Our Opinion: Helping hospital help community

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Information, as has been said before in this space in recent weeks, is of critical importance in getting us through the coronavirus pandemic. Berkshire Health Systems is now getting more of it, not only enabling it to more quickly treat those who have the coronavirus but get a firmer grip on the nature and extent of the situation in the Berkshires.

The hospital has begun experimenting with a drive-through testing system behind Berkshire Medical Center on Seymour Street and awaits authorization for opening it in the days ahead. ("BHS to ramp up testing; Berkshire cases rise to 14," Eagle, March 18.) The logistics are complicated and only those with symptoms and a physician's order will be eligible, but once on site testing is established, and once the hospital is able to test samples on its own machines rather than send them out to a lab, the hospital will be able to quickly identify those who are infected. This will be of great benefit to a hospital staff that at this point must find a room for anyone who has symptoms of the virus, even though they may not have it.

The introduction of testing will mean that the number of cases, which as of Tuesday were 14, will surely increase. This will be unsettling but it will also indicate that the system is working. At a meeting at The Eagle Tuesday, chief medical officer Dr.James Lederer said the hospital is exploring a variety of ways to address a surge of patients.

Darlene Rodowicz, the vice president of BHS, told The Eagle that many of the nurses that were quarantined because of exposure to those with coronavirus are returning to work. It was also noted at the meeting that many of those hospitalized with the virus have since recovered and gone home. These are encouraging signs at time when everyone can use some encouragement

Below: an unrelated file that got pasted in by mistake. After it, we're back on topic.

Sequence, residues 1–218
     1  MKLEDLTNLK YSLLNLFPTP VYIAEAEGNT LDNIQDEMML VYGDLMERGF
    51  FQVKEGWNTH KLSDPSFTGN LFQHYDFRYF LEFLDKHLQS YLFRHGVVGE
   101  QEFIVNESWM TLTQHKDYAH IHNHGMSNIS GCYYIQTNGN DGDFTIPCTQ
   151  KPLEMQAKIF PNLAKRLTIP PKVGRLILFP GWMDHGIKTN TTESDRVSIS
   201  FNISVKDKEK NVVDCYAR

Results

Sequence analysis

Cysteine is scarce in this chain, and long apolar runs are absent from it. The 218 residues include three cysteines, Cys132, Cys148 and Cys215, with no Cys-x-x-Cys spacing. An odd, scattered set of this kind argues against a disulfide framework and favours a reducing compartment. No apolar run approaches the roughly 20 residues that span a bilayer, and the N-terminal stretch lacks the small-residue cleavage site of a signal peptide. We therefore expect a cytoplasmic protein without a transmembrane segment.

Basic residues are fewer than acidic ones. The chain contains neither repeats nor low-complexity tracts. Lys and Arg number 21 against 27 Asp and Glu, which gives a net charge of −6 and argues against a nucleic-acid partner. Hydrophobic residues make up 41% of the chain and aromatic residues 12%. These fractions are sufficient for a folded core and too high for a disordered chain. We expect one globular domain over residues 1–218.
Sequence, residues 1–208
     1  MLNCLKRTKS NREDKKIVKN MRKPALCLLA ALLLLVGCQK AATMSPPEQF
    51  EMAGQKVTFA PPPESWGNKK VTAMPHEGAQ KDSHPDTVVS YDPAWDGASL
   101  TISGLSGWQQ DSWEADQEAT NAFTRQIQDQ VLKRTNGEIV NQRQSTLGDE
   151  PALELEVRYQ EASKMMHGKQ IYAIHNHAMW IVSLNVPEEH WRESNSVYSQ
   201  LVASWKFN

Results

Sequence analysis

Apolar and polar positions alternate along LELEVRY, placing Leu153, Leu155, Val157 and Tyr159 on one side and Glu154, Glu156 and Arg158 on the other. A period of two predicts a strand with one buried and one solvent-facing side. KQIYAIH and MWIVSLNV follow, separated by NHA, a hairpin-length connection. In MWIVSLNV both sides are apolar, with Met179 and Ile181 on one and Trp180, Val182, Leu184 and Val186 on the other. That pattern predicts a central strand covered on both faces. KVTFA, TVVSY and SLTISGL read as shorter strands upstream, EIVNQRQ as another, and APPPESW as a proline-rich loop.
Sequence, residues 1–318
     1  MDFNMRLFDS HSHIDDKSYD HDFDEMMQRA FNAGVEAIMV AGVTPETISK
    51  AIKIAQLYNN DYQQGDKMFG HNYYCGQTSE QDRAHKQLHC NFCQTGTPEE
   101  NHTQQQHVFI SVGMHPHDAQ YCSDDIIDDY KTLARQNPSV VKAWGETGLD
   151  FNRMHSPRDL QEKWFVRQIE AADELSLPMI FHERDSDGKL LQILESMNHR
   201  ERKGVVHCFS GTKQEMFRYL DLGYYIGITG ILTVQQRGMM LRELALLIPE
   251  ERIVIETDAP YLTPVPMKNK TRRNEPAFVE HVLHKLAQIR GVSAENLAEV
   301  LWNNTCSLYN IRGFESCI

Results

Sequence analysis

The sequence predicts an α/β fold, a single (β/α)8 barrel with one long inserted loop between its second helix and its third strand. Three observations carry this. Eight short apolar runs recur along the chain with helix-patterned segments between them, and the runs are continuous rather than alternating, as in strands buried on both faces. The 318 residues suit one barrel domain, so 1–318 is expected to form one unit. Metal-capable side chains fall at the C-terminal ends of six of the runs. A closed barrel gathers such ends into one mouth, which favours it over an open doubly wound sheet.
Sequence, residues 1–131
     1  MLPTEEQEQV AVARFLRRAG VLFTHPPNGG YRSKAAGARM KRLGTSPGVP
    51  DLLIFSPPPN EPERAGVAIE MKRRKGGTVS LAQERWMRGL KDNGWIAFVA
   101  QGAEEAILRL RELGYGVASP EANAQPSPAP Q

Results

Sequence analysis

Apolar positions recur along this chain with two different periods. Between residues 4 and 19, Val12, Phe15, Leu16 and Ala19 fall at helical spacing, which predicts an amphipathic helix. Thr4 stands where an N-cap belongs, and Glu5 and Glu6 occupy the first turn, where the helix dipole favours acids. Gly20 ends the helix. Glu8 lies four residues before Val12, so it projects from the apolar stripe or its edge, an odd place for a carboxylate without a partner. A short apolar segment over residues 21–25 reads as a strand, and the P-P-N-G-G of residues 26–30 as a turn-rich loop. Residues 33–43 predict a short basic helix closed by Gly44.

BHS, however, needs the help of everyone in the Berkshires if it is to fight this pandemic successfully. This means following the CDC guidelines for self-care, such as thoroughly washing hands and avoiding touching your face. It also means shoppers must behave responsibly. If you are hoarding toilet paper and hand sanitizer you are depriving both from people who need them. Think of others outside your circle while you're at the supermarket.

Social distancing is critical to slowing the spread of the disease. Social distancing is difficult, however, at an unsettling time when our instincts are to come together. At least a partial antidote is regular phone calls, texts and emails to friends and family members, and offers of help to those who need it. The Eagle's letters to the editor are almost exclusively about the coronavirus, and many have been remarkably empathetic about how residents can run errands or even offer a needed kind word to those feeling isolated and alone. We urge you to read them in print and on-line. They speak well of our community's response to a difficult time.

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